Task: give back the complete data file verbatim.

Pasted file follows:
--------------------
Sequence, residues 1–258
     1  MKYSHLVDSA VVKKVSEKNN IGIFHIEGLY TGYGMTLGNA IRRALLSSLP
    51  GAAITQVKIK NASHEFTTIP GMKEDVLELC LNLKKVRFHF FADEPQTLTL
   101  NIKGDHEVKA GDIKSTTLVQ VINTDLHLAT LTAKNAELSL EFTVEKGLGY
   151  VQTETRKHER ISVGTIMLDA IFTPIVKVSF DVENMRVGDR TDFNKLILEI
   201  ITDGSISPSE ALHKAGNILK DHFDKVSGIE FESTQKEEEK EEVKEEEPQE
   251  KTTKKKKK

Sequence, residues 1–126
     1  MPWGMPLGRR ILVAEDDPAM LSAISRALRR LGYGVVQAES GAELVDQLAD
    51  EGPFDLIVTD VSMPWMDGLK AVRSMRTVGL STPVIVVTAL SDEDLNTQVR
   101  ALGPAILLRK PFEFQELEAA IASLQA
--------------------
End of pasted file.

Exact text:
Sequence, residues 1–258
     1  MKYSHLVDSA VVKKVSEKNN IGIFHIEGLY TGYGMTLGNA IRRALLSSLP
    51  GAAITQVKIK NASHEFTTIP GMKEDVLELC LNLKKVRFHF FADEPQTLTL
   101  NIKGDHEVKA GDIKSTTLVQ VINTDLHLAT LTAKNAELSL EFTVEKGLGY
   151  VQTETRKHER ISVGTIMLDA IFTPIVKVSF DVENMRVGDR TDFNKLILEI
   201  ITDGSISPSE ALHKAGNILK DHFDKVSGIE FESTQKEEEK EEVKEEEPQE
   251  KTTKKKKK

Sequence, residues 1–126
     1  MPWGMPLGRR ILVAEDDPAM LSAISRALRR LGYGVVQAES GAELVDQLAD
    51  EGPFDLIVTD VSMPWMDGLK AVRSMRTVGL STPVIVVTAL SDEDLNTQVR
   101  ALGPAILLRK PFEFQELEAA IASLQA